3 Questions for Angela Edgeworth

Angela Edgeworth is using the expertise she honed as founder of children’s brand Pediped to tackle the adult footwear market. She’s now setting her sights on clientele base of moms with the spring ’13 launch of women’s brand Brian James.

Based on the same comfort principles as the children’s line, Brian James incorporates such features as padded footbeds and flexible outsoles. Debuting as a capsule collection of two gladiator-inspired sandals and a ballet flat, the line will expand for fall ’13.

“Fall is a fun time,” Edgeworth said. “We’d like to expand into pumps and booties. [However], we are sticking to core styles and classics that we think will go into any woman’s wardrobe. We’re interested in silhouettes our customers can come back to year after year as we do with Pediped.”

Retailing for $98, the shoes will deliver in January/February.

Edgeworth, who divides her days between running her business and caring for her two daughters, shared her plans for the future growth of her company with Footwear News.

1. How do you plan to carve a niche in the comfort market?
AE: A few of our kids’ retailers have picked up the line, [because] moms are already shopping [in their stores]. That’s definitely been a big help for us. [These retailers] know we ship on time and will stand behind our product. There’s [a] comfort level there. We’ll take advantage of those opportunities whenever we can. [Secondly], what we did a lot with Pediped was [implement] grassroots marketing, celebrity outreach and bloggers. We will continue to do that [with Brian James].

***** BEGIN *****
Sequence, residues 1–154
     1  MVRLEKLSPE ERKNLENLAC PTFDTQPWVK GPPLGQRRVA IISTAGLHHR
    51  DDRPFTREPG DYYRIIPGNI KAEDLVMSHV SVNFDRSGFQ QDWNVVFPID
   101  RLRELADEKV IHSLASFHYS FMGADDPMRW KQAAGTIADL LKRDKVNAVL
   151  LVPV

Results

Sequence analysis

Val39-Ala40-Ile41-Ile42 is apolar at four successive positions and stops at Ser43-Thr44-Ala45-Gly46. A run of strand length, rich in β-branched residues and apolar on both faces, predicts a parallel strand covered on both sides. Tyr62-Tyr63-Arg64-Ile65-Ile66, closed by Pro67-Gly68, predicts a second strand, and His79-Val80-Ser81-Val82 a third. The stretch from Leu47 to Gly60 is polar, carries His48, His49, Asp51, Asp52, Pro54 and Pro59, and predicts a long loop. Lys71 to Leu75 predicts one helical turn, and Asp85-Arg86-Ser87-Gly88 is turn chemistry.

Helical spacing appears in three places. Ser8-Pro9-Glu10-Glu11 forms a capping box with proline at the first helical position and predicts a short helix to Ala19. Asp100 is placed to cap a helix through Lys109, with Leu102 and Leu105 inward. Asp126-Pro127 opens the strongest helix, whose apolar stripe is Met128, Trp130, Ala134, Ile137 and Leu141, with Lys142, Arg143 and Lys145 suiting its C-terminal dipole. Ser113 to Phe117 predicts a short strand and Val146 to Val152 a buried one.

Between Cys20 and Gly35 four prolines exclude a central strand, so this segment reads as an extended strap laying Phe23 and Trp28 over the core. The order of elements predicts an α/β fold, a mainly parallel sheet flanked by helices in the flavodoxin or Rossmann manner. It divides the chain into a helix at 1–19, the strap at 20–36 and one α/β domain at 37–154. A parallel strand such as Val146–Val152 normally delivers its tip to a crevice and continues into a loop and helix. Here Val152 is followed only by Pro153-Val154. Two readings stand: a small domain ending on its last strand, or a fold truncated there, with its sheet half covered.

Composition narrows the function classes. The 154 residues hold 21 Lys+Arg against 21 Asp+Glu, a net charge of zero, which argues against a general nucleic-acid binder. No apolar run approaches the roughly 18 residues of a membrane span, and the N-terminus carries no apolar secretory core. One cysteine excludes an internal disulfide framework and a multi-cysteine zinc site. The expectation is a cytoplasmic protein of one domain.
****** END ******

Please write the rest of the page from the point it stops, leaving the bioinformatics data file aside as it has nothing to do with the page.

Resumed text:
2. How would you describe your target customer?
AE: [She’s] stylish, but doesn’t want to give up comfort and is looking for shoes at a reasonable price. She’s of a slightly higher income bracket, educated with at least a college degree or master’s. She researches things and relies heavily on word-of-mouth from her friends and peers. The mom that we have in mind is 28 to 40, but the broader target might be 25 to 45.

3. What’s the biggest difference between designing kids’ and women’s footwear?
AE: I think it’s a little harder to design for kids. In general, kids’ shoes have more components such as embellishments. We have to think of the different age groups. What a baby will wear is different from what a 3-year-old will wear, which is different from what the 7 or 8-year-old child is going to wear. [For women’s], you’re designing for yourself, so you have a better idea of what you want. When you design a ladies’ shoe, say a classic pump, it’s one leather material and one silhouette.